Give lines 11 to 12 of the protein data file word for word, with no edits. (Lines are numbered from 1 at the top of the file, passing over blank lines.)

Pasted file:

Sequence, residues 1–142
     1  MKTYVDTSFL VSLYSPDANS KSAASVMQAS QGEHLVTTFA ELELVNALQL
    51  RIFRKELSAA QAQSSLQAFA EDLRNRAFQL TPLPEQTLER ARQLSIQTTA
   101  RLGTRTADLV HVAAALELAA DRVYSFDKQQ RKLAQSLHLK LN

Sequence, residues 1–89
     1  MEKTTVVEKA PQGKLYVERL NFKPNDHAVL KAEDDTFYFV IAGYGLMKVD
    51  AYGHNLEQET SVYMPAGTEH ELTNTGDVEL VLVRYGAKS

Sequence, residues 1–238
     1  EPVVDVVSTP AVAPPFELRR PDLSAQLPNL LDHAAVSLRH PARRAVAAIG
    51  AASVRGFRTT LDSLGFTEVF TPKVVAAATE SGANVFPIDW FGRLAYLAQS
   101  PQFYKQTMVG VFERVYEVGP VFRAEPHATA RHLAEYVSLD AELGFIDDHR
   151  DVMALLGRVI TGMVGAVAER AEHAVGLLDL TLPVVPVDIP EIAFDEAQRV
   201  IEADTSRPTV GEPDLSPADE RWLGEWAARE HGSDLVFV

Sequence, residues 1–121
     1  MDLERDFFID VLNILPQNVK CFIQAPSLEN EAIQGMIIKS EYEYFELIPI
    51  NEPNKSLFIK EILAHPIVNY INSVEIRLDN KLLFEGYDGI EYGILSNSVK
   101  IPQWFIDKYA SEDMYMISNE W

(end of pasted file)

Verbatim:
   101  PQFYKQTMVG VFERVYEVGP VFRAEPHATA RHLAEYVSLD AELGFIDDHR
   151  DVMALLGRVI TGMVGAVAER AEHAVGLLDL TLPVVPVDIP EIAFDEAQRV